Picture a haggard old visor. It used to be blue, like the sky. Now it’s virtually devoid of color, long clouded over, obscuring any real color. The elastic band is bereft of elasticity. The metal adjustment clasp could use a dab of rust remover. What once snugly sat on a young man’s head could now fit loosely on an Incredible Hulk.
I’ve been unwilling to part with this visor. By reasonable estimates it’s been in my custody for some 50 years now. I wear it only once a year. It doesn’t fit. That doesn’t matter. Some things deserve a proper burial; not this dome appendage. Frankly, it has no real value. And that, at least to me, is the visor’s real appeal.
The potency of Christianity is it’s nevertheless against the givens of life. Jesus renamed the discarded blessed. He snatched a fearful few and built his church on their faith. He called those settled and safe to being born anew beyond their control. Jesus hung out with followers, detractors, and those identified as used up visors. He still does.
Seeking the Fullness of Life in Christ
I’m deeply honored to be the temporary shepherd of Grace Church, Raleigh. Thanks to your congregational council for entrusting me with this privilege. I hope to be among you for a time between Pastor Frye, who served here for some 16 years, and the as yet unknown new pastor called by the Spirit to lead you. Admittedly, I’m hooked by your mission statement: seeking the fullness of life in Christ for all people. It teems with depth…and grace! No one is a cast off visor.
I’ve got a lot to learn about you, Grace’s ministry and history, it’s culture/norms, hopes/hurts, joys/fears, challenges/opportunities. I think it will be fun. And I hope you will say the same.
By the way, I have a name for that old visor: Always being made new! And by the grace of our Lord Jesus the same can be said of you, Grace Lutheran Church.
Freed and Renewed in Christ,
Pastor David Sloop, Grace Interim Pastor
Dear Sisters in Christ,
We opened our last meeting by reading our mission and purpose statements, and went directly to the first of two Bible Studies. They were worth waiting for because they validated our purpose statement exactly. The first one dealt with the theme of His work, our hands, and repeated the message that works were not necessary for salvation but a demonstration of our gratitude for His love.
We all know that many places in the New Testament record this message, but I found it interesting that it is also found in the Book of Habakkuk, in the Old Testament. He and Paul both stated that the righteous will live by faith. The second Bible Study reassured us that we are all God’s adopted children; therefore we are all sisters and brothers, and adoptive sisters and brothers of Christ. Abraham’s domestic situation was examined, where the children of Sarah and Hagar were found to have different statuses because of their mothers. Abraham stated that the child of a wife is a son and the child of a slave is a slave. Abraham recognized Isaac as his son, and God recognizes us as His children. Both programs promoted a lot of discussion and were joyfully received.
WELCA Mission Updates
The School Backpack Mission is ongoing, and to date 70 backpacks have been assembled. To fill them, we will have a luncheon in May, on Sunday the 21st, for all church members. Donations from the luncheon will help defray the shipping costs and purchase of school supplies to stuff in the packs. These backpacks are to be filled with necessary supplies and equipment for the use of children unable to afford these items in the typical school year. We have applied for grants to cover the luncheon and the supplies, but donations are welecome.
Save the Date – Retreat August 12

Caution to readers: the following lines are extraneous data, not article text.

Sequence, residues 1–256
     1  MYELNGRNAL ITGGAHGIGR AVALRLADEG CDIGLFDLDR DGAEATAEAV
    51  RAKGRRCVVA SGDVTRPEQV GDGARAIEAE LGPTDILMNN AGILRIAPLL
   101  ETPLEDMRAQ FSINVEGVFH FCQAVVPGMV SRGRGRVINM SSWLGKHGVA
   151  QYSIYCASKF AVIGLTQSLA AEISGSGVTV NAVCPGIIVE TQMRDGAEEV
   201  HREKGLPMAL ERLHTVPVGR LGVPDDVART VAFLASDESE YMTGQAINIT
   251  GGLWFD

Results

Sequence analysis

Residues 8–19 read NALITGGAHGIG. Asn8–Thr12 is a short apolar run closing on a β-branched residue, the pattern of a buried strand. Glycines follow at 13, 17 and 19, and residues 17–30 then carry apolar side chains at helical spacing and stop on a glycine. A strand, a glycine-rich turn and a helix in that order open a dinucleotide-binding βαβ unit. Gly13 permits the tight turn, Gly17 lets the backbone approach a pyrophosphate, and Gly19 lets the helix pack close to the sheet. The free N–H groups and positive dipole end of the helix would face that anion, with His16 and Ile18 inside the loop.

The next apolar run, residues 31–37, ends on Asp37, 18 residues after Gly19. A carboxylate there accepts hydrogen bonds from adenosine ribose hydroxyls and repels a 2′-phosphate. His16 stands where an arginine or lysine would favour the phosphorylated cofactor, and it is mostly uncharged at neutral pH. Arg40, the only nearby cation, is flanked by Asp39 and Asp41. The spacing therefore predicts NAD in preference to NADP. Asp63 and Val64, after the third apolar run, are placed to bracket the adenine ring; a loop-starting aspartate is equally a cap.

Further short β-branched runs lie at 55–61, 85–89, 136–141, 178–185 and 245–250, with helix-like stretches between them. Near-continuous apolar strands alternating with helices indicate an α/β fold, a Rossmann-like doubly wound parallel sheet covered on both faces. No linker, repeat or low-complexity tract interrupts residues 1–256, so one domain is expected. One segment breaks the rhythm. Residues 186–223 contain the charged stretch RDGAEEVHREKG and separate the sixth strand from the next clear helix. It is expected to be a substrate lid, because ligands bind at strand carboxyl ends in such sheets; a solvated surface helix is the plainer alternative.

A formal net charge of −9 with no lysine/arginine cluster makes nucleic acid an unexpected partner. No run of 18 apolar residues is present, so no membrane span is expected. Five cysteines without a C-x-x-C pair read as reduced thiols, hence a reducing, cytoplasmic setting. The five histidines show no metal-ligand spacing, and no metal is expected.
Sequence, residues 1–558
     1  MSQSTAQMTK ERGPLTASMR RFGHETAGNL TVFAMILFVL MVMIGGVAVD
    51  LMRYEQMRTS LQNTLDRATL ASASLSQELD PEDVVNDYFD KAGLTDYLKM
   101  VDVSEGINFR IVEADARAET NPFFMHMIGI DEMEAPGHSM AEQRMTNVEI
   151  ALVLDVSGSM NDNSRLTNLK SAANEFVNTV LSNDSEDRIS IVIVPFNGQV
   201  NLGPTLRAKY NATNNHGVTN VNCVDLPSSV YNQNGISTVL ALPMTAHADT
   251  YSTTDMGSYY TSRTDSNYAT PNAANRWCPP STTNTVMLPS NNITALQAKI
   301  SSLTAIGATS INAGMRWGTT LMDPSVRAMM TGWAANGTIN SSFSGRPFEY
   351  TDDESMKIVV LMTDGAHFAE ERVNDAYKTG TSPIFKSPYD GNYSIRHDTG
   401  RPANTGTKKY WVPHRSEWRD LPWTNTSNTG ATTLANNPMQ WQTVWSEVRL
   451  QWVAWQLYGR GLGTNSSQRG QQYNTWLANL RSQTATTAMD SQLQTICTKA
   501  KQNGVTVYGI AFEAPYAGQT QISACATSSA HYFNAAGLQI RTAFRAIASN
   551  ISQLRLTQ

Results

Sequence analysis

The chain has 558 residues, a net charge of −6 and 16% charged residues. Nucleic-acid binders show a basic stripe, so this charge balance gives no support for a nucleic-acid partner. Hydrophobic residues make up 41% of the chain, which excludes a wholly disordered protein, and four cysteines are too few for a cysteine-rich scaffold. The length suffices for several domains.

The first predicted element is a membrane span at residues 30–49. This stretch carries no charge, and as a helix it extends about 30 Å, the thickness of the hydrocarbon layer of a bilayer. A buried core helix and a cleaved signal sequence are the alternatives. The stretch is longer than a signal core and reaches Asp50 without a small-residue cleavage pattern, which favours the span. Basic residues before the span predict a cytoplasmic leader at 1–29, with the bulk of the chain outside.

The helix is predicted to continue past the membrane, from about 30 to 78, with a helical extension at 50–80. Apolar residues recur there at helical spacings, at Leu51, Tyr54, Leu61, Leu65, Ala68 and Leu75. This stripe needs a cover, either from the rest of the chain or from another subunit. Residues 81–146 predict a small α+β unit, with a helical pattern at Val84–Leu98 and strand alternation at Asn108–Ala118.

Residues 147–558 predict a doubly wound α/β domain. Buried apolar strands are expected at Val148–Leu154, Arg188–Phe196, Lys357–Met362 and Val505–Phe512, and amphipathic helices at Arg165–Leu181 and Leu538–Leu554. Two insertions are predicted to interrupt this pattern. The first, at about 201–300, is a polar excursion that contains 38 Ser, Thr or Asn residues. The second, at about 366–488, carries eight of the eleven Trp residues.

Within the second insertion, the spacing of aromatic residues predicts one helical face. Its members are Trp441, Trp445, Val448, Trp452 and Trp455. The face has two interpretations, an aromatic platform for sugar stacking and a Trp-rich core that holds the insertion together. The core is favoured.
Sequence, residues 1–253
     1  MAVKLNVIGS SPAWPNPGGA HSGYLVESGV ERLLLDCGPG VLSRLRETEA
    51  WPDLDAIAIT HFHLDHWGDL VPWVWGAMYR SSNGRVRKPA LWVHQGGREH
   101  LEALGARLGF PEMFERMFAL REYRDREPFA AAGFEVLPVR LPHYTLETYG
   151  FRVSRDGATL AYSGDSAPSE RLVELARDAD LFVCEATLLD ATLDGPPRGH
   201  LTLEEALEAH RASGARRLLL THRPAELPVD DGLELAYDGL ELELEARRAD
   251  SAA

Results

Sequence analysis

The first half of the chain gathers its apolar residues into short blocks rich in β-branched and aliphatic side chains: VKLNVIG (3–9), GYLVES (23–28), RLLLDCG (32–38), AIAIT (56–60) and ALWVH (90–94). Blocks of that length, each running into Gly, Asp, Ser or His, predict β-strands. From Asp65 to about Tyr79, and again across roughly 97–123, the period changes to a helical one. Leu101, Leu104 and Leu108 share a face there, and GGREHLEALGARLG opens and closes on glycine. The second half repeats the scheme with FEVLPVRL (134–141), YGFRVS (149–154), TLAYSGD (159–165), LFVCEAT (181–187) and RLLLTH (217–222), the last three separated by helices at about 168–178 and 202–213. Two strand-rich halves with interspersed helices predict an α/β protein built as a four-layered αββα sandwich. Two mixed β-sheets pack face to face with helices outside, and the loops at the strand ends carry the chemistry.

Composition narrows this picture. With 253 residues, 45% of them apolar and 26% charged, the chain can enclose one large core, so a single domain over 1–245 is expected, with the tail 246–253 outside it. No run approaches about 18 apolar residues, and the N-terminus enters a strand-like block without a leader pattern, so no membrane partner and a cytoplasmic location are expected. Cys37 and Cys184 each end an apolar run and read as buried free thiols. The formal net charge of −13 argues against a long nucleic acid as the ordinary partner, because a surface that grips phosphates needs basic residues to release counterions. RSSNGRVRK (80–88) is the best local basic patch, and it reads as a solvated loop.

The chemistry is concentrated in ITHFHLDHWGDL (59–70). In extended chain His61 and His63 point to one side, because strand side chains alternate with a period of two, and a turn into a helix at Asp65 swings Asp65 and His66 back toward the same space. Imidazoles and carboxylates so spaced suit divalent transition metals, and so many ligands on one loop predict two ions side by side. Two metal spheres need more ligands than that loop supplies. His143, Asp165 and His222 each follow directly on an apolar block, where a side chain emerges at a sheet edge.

Our yearly retreat has been scheduled for August 12th. It will take place in the Fellowship Hall at Grace, and we will get together there to assemble the backpacks. After lunch we’ve scheduled a women’s safety course and, hopefully, a program on human trafficking. There is an unbelievable feeling of fellowship that is a result of a program like this, and the support generated among the women for the different ministries we are involved in, and for each other, just keeps growing and growing.
Our meeting closed with a request for joys and concerns, and heartfelt prayers were offered for each of them. We left the church feeling a renewed love for each other, and calls of support echoed across the parking lot. See you in April!
The season of Epiphany encompasses the eight weeks between the festivals of the Baptism of Our Lord and the Transfiguration. During the final weeks of Epiphany we experience some of the most well-known texts in the Bible, from John the Baptists Here is the Lamb of God to Micah’s What does the Lord require of you? To do justice, and to love kindness, and to walk humbly with your God to Jesus’ powerful Sermon of the Mount, beginning with the Beatitudes.
People often consider this time after Christmas as a long hiatus before the season of Lent begins; but, if they do, they are missing some very important messages focusing on how Christ transforms our lives by calling us to experience the joy, the struggle, and complexities of the Christian life. The Gospel messages throughout this season finds Jesus hard at work teaching, healing, calling disciples, and preaching on the mountain. Again and again we hear the themes of light, baptism, cross, and discipleship.
We are also reminded during the season of Epiphany that the goodness and justice of God extend far beyond our community of faith into all parts of the world and among all people. We are not meant to just hear the words of these scripture passages; we are also meant to be advocates for applying them in everyday life.
Epiphany could well be called a growing season for the church and for its mission. How can each of us cultivate new and exciting ways of serving God and one another? What can we do for the sake of the gospel that we may never have done before. Can we leave our comfort zones in order to minister to the poor, the afflicted, the grieving, the dying, and the persecuted? I should hope so, and I encourage you to give this some serious and prayerful thought.